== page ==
Dish

Edmonton landmark uninspired

7ff21c67-6642-4b4a-8bcf-4536e03db89c

Food TV airs a fantastic show called Restaurant Makeover. Each week, they
temporarily close a stagnant Canadian restaurant to overhaul their menu,
kitchen and décor. The resulting makeover regenerates enthusiasm in
the restaurant: both the owner and the patrons are often thrilled.

I’d love to see them get a hold of Bistro Praha.

Bistro Praha has long been a downtown fixture. Consistently receiving good
reviews from its established clientele, this restaurant hasn’t seen
significant changes since its inception over 30 years ago.

With great anticipation, I took a date there last Tuesday evening. This was a
first date—the sort that makes even the most confident woman tremble.
Handsome, charming and smart, I couldn’t wait to impress him with this
well-known Bistro.

We made reservations for 8 pm and walked past the patio of tables into the
warm interior of the restaurant right on time.

The space was surprisingly stark, with beige stucco walls and painted green
ceiling tiles. A few pieces of art adorned the walls and the tired-looking
infamous scenic mural still graced the rear wall. The weighty wooden tables
and accompanying bistro chairs were nice, but table linens would have added
an upscale finish.

The host seated us near the rear of the restaurant and gave us a pair of
tattered menus. A warning on the front page admonished us against rocking on
our chairs: “take care of our furniture,” it warned. I smiled at
the thought that must have gone into placing this cautionary notice. How many
chairs had they lost to undulating bottoms over the years?

We perused the modest wine carte, but since we were unable to settle on a
choice, we boldly decided to try some of the numerous European ales and
lagers instead. I ordered a New Castle Brown Ale (England, 550ml $7.75) and
my date settled on the Nastro Azzurro (Italy, 330ml $6.25).

Waiting for our drinks, I sat back and scanned the other patrons. A table of
four in their 40s, two tables of similarly aged couples, and a single woman
of indeterminate age sat alone at a table against the wall. I didn’t
get the “late-night hot spot” vibe I was expecting, but the night
was not yet terribly late.

Our aloof server unceremoniously placed our beers on the table before asking
if we’d decided our order. No recommendations and no small talk; this
individual preferred a very hands-off approach to serving. The sparse
appetizer menu featured a number of canapés and three alternatives. We
decided to share two of the three alternates: escargot with garlic chili
butter ($6.75) and pickled rolled herring ($5.75).

Both items appeared without delay; the escargot was presented with a soft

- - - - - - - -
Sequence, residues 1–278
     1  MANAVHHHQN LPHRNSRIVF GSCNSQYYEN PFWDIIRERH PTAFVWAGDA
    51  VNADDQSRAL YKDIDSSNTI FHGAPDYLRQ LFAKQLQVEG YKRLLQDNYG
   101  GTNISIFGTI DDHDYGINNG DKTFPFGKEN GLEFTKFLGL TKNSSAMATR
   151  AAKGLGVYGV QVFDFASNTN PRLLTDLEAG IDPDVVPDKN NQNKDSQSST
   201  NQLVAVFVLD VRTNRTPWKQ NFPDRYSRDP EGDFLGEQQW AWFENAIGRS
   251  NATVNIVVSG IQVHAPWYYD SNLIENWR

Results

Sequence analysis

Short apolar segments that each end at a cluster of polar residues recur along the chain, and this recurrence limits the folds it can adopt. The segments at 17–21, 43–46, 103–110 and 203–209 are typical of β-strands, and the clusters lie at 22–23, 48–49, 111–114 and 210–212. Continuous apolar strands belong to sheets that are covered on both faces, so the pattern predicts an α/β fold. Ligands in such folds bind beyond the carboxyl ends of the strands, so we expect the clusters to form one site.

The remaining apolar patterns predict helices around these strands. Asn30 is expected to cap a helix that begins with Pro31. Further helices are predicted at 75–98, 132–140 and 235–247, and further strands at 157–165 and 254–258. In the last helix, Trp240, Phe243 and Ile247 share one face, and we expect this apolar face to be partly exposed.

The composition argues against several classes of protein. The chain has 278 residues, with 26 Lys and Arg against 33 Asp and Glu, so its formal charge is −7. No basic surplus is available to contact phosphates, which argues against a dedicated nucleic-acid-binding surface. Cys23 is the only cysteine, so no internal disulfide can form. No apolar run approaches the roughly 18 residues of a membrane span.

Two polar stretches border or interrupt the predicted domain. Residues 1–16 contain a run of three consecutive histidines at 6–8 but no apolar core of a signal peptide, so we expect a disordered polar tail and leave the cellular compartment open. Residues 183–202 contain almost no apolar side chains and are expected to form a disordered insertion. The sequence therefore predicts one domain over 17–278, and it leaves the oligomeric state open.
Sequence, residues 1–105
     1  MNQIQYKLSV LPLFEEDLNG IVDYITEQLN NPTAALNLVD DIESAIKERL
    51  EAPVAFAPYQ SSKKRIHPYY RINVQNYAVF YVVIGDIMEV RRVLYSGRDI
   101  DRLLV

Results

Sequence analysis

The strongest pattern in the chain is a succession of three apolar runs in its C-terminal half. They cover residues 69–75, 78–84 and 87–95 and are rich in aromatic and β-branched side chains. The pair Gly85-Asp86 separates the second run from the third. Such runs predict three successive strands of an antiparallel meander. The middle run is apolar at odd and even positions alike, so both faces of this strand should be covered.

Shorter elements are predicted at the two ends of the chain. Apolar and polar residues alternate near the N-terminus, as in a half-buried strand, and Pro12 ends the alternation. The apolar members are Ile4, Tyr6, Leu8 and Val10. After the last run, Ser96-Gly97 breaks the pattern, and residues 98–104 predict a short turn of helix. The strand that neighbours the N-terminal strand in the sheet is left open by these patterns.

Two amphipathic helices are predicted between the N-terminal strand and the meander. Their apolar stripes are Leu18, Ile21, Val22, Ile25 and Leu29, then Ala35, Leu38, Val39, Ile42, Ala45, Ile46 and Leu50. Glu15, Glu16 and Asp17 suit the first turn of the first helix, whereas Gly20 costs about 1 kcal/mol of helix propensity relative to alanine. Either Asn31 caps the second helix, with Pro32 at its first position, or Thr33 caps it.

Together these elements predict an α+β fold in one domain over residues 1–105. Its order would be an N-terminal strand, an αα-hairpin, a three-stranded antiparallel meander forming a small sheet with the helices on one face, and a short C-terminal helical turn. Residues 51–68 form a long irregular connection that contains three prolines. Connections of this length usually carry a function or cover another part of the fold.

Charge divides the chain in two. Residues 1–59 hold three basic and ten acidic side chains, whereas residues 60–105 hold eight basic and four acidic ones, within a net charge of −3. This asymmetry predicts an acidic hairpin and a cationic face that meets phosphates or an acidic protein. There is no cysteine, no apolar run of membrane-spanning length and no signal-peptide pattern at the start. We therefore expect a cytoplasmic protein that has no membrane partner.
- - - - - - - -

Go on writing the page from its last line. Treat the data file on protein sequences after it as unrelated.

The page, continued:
roll of bread and the herring arrived on a bed of lettuce. Each of the three
fish fillets were wrapped around a pickle to form rollmops, which is a German
presentation. The rollmops were then topped with marinated onions and placed
adjacent to a generous mound of sour cream. The herring was tender and the
pickles were crisp. Overall, this was a pleasant dish.

The escargots were tiny, but succulent and the bite of chili was an agreeable
surprise. The garlic was pungent and abundant in this fine hors
d’œuvre.
Having been directed by friends to order the steak à la tartare
(half-order $17.75), my date had no difficulty in deciding on his
entrée. First toying with the roasted goose, then the rainbow trout, I
struggled to finally settle on the schnitzel Parisienne (half-order $11.25).
Schnitzel is one of my favourite dishes; having travelled across Austria on
the all-schnitzel diet, I was excited to revisit my memories.

Though the service could not be described as warm, it was certainly prompt.
We quickly received a bowl of Romaine lettuce topped with Italian dressing
and chunks of mozzarella cheese. Sadly, this was a rather uninspired salad
that neither of us finished.

We ordered two more beers while waiting for our entrées to arrive.
This time, I chose the Czechvar (the original Budweiser from Czech Republic,
500ml $7.75) and my date opted for the Hoegaarden Wheat Ale (Belgium, 330ml
$6.25). We shared the Czech lager and drank it first, enjoying its medium
body and pleasant finish. Then we split the Belgian witbier, which was a
sweet-tasting beer that offered a surprisingly bitter finish.

Our server brought out our entrées and we gently pushed our beer
glasses aside to make room for the impressive dishes. The steak tartare was
wonderfully presented on a platter of rye crisps with chunks of lemon, tomato
and cucumber. The filet américain was tender, beautifully spiced and
delicious atop the thinly sliced rye bread.

My weiner schnitzel was breaded with an eggy Parisienne batter and plated
alongside a small scoop of potato salad and one slice of cucumber. I asked
for the requisite cranberries, lingonberries or whatever they might have in
the kitchen, but unfortunately they had none to offer. Disappointed, the veal
cutlet became less appealing to me, and I only managed to eat about
half.

Undaunted, we decided to top off our meal with two glasses of Taylor port
($8.50 each) and a Crepe “Henry Christian.” Steamed kiwi and
orange liqueur filled the crepe, which was then topped with fresh whipped
cream. This combination tasted slightly bitter, but the smooth Portuguese
port rounded some of the edges.

Bistro Praha wasn’t entirely a disappointment. The food, although
somewhat prosaic, was actually quite good. Still, the philosophy of change
would have this bistro revisit their menu, revamp their décor and
reconsider their hands-off service. After all, every good restaurant needs
the occasional innovation. V

Daily 11:30 am – 2:00 am
Bistro Praha
10168 – 100A Street
424.4218

Leave a Comment

*